• 9. Performance Baseline was the existing product Requirement gathering very unstructured Limited contact with actual customer Fact-finding a challenge Ultimate Project Goal Develop a product that could be enhanced rapidly and with minimal cost
  • 10. Time Extremely constrained (8 months) Not unusual for internet-based applications Typical project cycles <= 3 months Planning in hours not days Impacted on… Tools selected given the learning curve Recruitment and training of new staff Use of formal processes
  • 11. Approach Employed Pragmatic Controls could not Impede Progress Staff Comfortable with Methodology Rapid Development Cycle Low cost
  • 12. Finding a Methodology Go to the forum you are developing for Internet as a research forum On-line Articles Followed up on references Discussions Staff input
  • 13. Formal vs.. Radical Process Formal Structured Process-oriented Proactive Control Radical Open Goal-oriented Reactive Leap of Faith
  • 14. Extreme Programming Elements of this process were critical Pair-programming used as a training tool Building incrementally Testing continually Complete methodology not realistic for our culture Radical change to individual work processes Resistance to “interference”
  • 15. Unified Modeling Language Mechanism to document development Use cases Simple syntax for users to review Minimize documentation but maximize content Integration with modeling tool (TogetherJ) Linkage between documents Outcome → Automatic Code Generation
  • 16. The Framework Manage Software Development within a Chaotic Environment (Controlled Chaos) “Call a team meeting and tell them that they have been selected to do an important project. Describe the project, include how long it’s estimated to take, how much it is estimated to cost, how it is expected to perform, etc. Tell them that their job is to do it in half the time, with half the cost, twice the performance, etc.”
  • 17. Scrum What follows is the actual material that was presented to the development team in outlining how the process would work for our project…
  • 18. Scrum - Why Use It? A process for managing development... When requirements are rapidly changing This is true for us in that we will have to re- scope our use cases (the requirements) as we progress to meet our timelines We will also be asked to extend our scope at times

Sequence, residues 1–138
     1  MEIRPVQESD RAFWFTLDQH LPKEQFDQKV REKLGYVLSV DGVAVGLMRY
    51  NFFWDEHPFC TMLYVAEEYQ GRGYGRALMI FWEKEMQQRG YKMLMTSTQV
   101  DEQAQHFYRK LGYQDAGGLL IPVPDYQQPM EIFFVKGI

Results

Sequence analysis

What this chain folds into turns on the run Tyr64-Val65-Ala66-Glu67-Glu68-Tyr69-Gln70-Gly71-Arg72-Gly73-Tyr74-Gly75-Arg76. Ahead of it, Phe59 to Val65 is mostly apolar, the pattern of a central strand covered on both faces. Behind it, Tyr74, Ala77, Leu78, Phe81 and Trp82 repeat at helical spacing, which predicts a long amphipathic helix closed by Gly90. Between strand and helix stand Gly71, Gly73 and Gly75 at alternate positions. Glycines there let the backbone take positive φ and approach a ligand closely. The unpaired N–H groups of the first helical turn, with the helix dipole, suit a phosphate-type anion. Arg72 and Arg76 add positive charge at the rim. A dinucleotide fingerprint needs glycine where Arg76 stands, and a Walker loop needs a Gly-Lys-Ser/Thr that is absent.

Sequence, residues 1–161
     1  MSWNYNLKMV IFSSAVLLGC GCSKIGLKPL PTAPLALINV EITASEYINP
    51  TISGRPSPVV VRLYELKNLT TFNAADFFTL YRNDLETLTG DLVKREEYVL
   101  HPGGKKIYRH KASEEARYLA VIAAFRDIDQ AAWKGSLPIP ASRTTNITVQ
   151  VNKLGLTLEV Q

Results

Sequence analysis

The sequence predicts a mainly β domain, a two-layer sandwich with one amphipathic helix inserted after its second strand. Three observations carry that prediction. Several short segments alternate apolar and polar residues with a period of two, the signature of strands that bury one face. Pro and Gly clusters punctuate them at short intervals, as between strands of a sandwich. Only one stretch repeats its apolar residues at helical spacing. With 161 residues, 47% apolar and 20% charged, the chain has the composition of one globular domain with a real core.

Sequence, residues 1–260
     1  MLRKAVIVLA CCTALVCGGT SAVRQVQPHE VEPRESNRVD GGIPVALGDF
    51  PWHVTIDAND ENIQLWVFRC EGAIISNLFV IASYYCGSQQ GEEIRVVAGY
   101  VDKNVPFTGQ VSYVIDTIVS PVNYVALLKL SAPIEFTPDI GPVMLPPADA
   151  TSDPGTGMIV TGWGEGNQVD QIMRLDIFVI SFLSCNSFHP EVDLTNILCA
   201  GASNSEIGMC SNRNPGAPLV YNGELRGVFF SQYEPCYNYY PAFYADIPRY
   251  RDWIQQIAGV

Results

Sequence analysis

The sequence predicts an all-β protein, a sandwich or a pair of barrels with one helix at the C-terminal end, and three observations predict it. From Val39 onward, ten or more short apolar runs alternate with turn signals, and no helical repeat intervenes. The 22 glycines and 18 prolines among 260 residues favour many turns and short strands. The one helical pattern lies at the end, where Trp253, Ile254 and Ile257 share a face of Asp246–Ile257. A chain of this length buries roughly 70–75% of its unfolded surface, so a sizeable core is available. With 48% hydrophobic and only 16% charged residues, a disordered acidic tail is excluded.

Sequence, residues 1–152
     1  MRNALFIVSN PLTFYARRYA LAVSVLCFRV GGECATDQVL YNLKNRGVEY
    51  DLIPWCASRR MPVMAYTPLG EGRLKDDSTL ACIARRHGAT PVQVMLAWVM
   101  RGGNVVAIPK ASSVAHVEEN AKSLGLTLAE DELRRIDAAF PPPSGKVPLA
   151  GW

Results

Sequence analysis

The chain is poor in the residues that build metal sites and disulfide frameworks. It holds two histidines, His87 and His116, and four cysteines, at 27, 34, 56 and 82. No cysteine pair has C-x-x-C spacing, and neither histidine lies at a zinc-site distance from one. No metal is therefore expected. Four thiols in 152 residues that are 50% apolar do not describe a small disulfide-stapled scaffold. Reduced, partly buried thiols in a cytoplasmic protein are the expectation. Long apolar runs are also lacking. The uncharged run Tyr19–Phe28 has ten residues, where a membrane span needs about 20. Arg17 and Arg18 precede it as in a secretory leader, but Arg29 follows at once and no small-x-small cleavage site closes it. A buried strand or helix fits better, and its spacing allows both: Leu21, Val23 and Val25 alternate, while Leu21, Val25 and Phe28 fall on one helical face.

• 19. Scrum - Why Use It? When there is a need to control conflicting interests and opinions and not get bogged down in project politics Balance the needs of ‘the parent’ with the needs of one of their major clients
  • 20. Scrum - Why Use It? When the project team needs a mechanism to detect and remove anything that gets in the way of developing and delivering products
  • 21. Scrum - Why Use It? When there is a need to maximize productivity Timelines are tight and we must ensure everyone can be as productive as possible Productivity ≠ 12 hour days but means that for each hour of work in a day you realize the maximum results from that hour
  • 22. Some Philosophy It is critical that everyone to feel good about their job, their contributions, and that they have done the very best they possibly could You need to have a good mental relationship with your work and that comes from satisfaction with what you accomplish each day
  • 23. Scrum In Detail It is a radically different approach to software development It empowers the project team by creating a structure in which Performance is optimized Progress of work is monitored The progress is used to adapt expectations based on what is or can be accomplished